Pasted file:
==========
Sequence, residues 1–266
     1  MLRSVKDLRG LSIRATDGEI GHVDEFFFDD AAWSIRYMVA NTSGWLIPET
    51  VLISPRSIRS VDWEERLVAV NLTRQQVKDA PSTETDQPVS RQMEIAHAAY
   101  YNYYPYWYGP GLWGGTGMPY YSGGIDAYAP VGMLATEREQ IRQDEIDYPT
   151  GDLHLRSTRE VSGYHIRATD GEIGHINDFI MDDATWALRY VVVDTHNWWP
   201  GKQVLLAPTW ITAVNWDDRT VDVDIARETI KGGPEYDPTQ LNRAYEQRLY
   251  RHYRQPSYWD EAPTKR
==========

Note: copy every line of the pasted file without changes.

Sequence, residues 1–266
     1  MLRSVKDLRG LSIRATDGEI GHVDEFFFDD AAWSIRYMVA NTSGWLIPET
    51  VLISPRSIRS VDWEERLVAV NLTRQQVKDA PSTETDQPVS RQMEIAHAAY
   101  YNYYPYWYGP GLWGGTGMPY YSGGIDAYAP VGMLATEREQ IRQDEIDYPT
   151  GDLHLRSTRE VSGYHIRATD GEIGHINDFI MDDATWALRY VVVDTHNWWP
   201  GKQVLLAPTW ITAVNWDDRT VDVDIARETI KGGPEYDPTQ LNRAYEQRLY
   251  RHYRQPSYWD EAPTKR